Imogen Rhia Herrad...

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Imogen Rhia Herrad is a freelance writer and broadcaster who records and writes programmes for various national and state run German radio stations about her travels in Europe and South America and women's politics and history across cultures. Her short stories and articles have been published in magazines and anthologies in English. She is German originally and currently divides her time between Cologne, Cardiff and Buenos Aires.


Come to the reading in Swansea's new spectacular Central Library on Saturday 13 June to see Imogen and four fellow authors read from Written in Blood - a new anthology of crime fiction from Honno. It features bodies buried under the patio, old ladies with enviable inheritances, and Imogen's story of a mysterious disappearance:

Without a trace

There were two of them, a man and a woman, ringing my doorbell. I'd got home from work not long before and was standing in the kitchen wondering about dinner. My heart sank when I saw them through the peephole. They looked grave. They looked like bad news.
I opened the door.
'Yes,' I said and cleared my throat.
'Police.' They showed their ID, introduced themselves, and all the while I was wondering what it was they'd come to tell me.
'Isobel Jenkins?'
I nodded.
'Would you mind if we came in?'
'Yes', I said. 'I mean, no, come in, I don't mind.'
I opened the door, led them to the living room, my brain whizzing in overtime.
I sat, they sat, and it was all horribly unreal, like a scene on TV.
'Is your father Peter Jenkins?'
'Yes. Yes, he is.' I thought of Dad – coming home from work when I was growing up; sometimes he was tired and sometimes bubbling over with stories. Of him these days – with his face so pink against his grey hair; sitting at his desk with the new computer, writing, surrounded by stacks of books.
'When did you last see him?' the woman officer asked.
'Why?' I asked. Nervous, wanting to know, not wanting to know; afraid to hear what they'd come to tell me.
She gave me a small smile. Maybe it was meant to look reassuring. If so, it didn't work. 'We will be able to tell you that in a minute. For now, we have to ask you just to answer that question. When did you last see your father?'
'A fortnight ago,' I said. 'I went up for the weekend then. Please, tell me. Has something happened?'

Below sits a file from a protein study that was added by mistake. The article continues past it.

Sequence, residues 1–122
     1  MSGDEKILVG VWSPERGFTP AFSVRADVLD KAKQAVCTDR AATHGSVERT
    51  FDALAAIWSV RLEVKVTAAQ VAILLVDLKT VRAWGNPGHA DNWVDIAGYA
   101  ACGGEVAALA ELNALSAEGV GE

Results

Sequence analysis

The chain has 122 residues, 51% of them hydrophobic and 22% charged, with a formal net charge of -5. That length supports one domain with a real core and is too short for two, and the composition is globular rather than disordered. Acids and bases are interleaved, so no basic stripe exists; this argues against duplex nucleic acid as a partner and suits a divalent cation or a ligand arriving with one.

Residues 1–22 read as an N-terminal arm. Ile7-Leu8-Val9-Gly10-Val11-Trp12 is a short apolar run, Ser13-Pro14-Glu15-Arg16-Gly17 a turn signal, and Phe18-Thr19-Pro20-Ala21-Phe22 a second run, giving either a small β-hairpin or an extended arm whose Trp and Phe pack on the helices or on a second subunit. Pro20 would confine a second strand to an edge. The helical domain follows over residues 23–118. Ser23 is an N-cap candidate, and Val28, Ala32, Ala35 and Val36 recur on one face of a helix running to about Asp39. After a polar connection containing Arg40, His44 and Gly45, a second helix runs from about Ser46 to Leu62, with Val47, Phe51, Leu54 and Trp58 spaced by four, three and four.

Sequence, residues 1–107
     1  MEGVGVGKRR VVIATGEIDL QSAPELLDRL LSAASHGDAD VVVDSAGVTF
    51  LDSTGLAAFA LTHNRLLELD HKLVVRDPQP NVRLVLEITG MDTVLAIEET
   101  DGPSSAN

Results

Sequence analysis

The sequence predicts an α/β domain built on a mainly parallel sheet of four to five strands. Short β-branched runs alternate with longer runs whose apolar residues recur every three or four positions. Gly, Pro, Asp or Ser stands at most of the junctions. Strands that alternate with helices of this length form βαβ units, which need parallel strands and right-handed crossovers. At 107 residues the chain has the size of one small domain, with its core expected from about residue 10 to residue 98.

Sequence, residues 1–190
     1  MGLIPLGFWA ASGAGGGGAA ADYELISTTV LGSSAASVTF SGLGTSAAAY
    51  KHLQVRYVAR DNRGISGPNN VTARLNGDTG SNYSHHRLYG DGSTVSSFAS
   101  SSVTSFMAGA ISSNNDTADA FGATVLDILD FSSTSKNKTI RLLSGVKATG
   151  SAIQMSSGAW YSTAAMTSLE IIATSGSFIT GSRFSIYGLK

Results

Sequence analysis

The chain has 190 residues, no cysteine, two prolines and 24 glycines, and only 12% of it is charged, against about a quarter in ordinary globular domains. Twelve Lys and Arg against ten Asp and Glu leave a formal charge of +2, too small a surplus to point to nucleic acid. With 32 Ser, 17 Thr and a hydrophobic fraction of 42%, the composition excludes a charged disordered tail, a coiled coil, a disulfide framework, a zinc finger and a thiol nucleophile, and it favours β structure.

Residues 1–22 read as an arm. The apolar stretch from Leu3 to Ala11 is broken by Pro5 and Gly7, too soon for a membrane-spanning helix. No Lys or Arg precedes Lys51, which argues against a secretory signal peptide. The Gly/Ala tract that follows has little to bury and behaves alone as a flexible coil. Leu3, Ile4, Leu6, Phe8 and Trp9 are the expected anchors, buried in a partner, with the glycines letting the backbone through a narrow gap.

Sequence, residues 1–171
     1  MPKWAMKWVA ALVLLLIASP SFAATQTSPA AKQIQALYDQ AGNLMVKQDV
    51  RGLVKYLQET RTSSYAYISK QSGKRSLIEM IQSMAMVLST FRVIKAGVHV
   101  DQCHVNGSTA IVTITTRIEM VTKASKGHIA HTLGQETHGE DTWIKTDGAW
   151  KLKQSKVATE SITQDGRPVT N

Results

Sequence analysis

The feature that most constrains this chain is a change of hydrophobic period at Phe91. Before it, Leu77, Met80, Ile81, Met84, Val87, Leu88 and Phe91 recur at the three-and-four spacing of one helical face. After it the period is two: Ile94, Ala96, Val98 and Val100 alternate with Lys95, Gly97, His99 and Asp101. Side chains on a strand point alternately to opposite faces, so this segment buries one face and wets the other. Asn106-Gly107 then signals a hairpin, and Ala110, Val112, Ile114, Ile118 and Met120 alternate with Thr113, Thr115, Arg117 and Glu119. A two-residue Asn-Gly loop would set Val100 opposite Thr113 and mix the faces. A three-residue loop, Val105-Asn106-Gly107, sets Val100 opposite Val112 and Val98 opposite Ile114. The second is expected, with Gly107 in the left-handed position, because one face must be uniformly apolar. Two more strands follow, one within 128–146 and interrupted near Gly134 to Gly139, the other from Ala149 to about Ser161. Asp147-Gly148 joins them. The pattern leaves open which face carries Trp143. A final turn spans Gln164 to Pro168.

Written in Blood Buy it now on Amazon. Or come to Swansea on 13 June and buy it at the reading, and get five author signatures at no extra cost!


in German:

Wanderer zu Wasser

Wo der Meergott haust

Die äusseren Hebriden

Waliser in Patagonien

Der Große Bruder...

Im Reich des Seigneur

Zankapfel Zypern

Land der Hügel...


From the sensuous sea to flight from the world, The Woman who loved an Octopus is an inspired collection of twelve themed short stories, based on the lives and legends of thirteen Celtic women saints from the first millennium.
Retelling their stories in an intimate, contemporary, sometimes startling fashion, Imogen Rhia Herrad has created a new vision of these women, who were perhaps far from 'saintly' by current definition.
Tydfil is martyred but refuses to die, so she lives on as a ghost for a thousand years and then comes back to life. Madryn flees her war-torn home country with only her baby and the harrowing memories of the torture chamber for company. Collen is the strongest woman on earth and every night in the Circus of the Lord she wrestles to prove it, but is she stronger than the niggling voice of her stepfather? Arganhell sits by the river every day, tied hand and foot because she injures herself if left free, and nobody but Saint Dyvrig cares enough to ask why.
Herrad explores intently and imaginatively the crossover between the physical, sexual, spiritual and mystical in the ancient and modern worlds she visits. The stories tell of refugees, circus acts, rape, love, death and miracles. Her saints inhabit the natural world of streams, islands and birds.
This is not a book of historical tracts or faithful retellings: hugely inventive, Herrad's stories flood old tales with fresh, or rediscovered meaning.


What we encounter in Herrad's work is a spectacular commingling of mystical and contemporary worlds, a hunger for the absence and silence within and a determination to celebrate the omnipresence of these women who haunt, cohere and inspire us.
Menna Elfyn


The Woman who loved an Octopus, and other Saints' Tales was launched at the Hay Festival in May 2007 and made it on to the Top Ten List of books published in Wales in 2007 of the Western Mail's book critic.
Which, for a collection of short stories from a first-time author is no mean feat. She shares the list with such luminaries as Meic Stephens and Caryl Lewis. On top of her appearance at the Festival, Imogen promoted the book by holding readings in several of the sites associated with the Saints' legends featured in it -- Holywell for Winifred, Merthyr Tydfil for Tydfil, St David's for Non. She travelled by modern means - trains and buses - and where possible walked between venues. She spent four days walking from Bangor to Pwllheli on the old pilgrim route that ultimately leads to Bardsey Island at the end of the Llyn peninsula. Imogen described the readings and the pilgrimage as an exciting, inspiring and unforgettable experience.